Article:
Thursday, October 25, 2012

Whale Writer Wins Whiting

Samuel D. Hunter, author of the remarkable “The Whale” is one of four playwrights to win a Whiting Writers Award, this year. The awards are given annually to ten emerging writers in fiction, nonfiction, poetry and plays by the Mrs. Giles Whiting Foundation. This is the first time that four of the ten have been playwrights. This years awards were given Tuesday and consist of a $50,000 stipend each - a lot of help for an emerging writer.

“The Whale” had its world premiere last January with a production by the Denver Center Theatre Company. Hunter first wrote the script in 2009 but continued to fine-tune it. That process came to completion at the Colorado New Play Summit in Denver. DCTC scheduled it for its 2011-2012 season.

When I saw it last winter, I was dumbstruck. It is an amazing script but it also featured an amazing performance by Tom Alan Robbins as the central character, Charlie – the whale. Charlie is well over 500 pounds (the actor wore a fat suit) and living out the last days of his life.

I wasn’t sure whether I was going to like the play, and frankly had some trepidation about it: sitting for two and half hours watching an obese man eating himself to death?

Boy was I wrong. The play was funny and sad, disturbing and strangely hopeful.

Hunter is one of a new generation of promising writers for the stages. His other plays include “A Bright New Boise” (which earned him a 2011 Obie Award for Playwriting and a 2011 Drama Desk Nomination for Best Play), “A Permanent Image”, “Jack’s Precious Moment”, “Five Genocides”,and his most recent play, “The Few”. He has active commissions from Seattle Rep, South Coast Rep, Manhattan Theater Club, and Lincoln Center. In 2013, he will be a resident playwright at Arena Stage. He is a graduate of NYU, the Iowa Playwrights Workshop, and Julliard. A native of northern Idaho, Mr. Hunter lives in New York City.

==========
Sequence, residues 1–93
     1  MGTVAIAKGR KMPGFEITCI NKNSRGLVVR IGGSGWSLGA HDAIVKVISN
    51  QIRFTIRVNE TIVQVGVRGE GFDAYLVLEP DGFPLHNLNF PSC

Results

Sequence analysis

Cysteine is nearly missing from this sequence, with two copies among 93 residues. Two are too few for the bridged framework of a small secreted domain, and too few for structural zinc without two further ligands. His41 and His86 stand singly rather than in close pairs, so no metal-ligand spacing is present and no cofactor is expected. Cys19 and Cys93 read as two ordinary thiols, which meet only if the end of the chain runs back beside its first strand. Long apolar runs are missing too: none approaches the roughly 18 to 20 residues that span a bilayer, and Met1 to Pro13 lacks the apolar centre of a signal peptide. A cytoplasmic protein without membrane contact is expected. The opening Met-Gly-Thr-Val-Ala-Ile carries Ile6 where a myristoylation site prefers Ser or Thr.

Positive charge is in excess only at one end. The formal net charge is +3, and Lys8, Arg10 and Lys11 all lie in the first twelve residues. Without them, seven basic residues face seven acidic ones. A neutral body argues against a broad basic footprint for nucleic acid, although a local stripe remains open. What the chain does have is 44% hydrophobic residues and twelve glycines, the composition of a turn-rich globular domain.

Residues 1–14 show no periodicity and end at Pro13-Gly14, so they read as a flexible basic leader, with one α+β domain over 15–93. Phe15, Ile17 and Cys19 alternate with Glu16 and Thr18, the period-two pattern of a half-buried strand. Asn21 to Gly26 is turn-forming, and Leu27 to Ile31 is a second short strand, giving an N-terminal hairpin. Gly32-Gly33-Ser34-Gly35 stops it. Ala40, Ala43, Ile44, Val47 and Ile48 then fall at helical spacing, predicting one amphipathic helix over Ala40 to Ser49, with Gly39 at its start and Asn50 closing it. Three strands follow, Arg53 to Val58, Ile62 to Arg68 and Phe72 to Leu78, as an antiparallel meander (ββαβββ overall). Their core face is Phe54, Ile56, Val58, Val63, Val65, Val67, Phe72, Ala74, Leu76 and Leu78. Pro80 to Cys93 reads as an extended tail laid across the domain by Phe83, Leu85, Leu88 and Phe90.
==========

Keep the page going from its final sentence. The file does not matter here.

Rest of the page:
Candidates for The Whiting Award are proposed by nominators from across the country whose experience and vocations bring them in contact with individuals of extraordinary talent. Winners are chosen by a selection committee, a small group of recognized writers, literary scholars, and editors, appointed annually by the Foundation. Both nominators and selectors serve anonymously.

The Award and Foundation is named for Mrs. Giles Whiting. She was the daughter of Louis Ettlinger, who owned the Crowell, Collier Publishing Company. In 1899, she married Giles Whiting an architect and designer. At the time of her death in 1971 she had set aside $10 Million for the foundation. The Foundation began giving the awards in 1985.

“The Whale” is an example of why new and exciting work must be developed. Production by theatre companies of the classics and old favorites is important, but new work must constantly be fostered or the theatre will become moribund and die. That is why new play workshops and production venues – the Humana Festival in Louisville, KY - are so critical. The Colorado New Play Summit, which helped foster “The Whale” remains an important part of new play development, but I miss its predecessor the US West Theatre Fest of new plays. The loss of corporate sponsorship can have a negative impact on the arts and the disappearance of US West and its corporate sponsorship of this program is an example.

Fortunately in Denver, we also have other, albeit smaller, theatre companies producing and commissioning new work. The Curious Theatre is a prime example of the commitment to new work.

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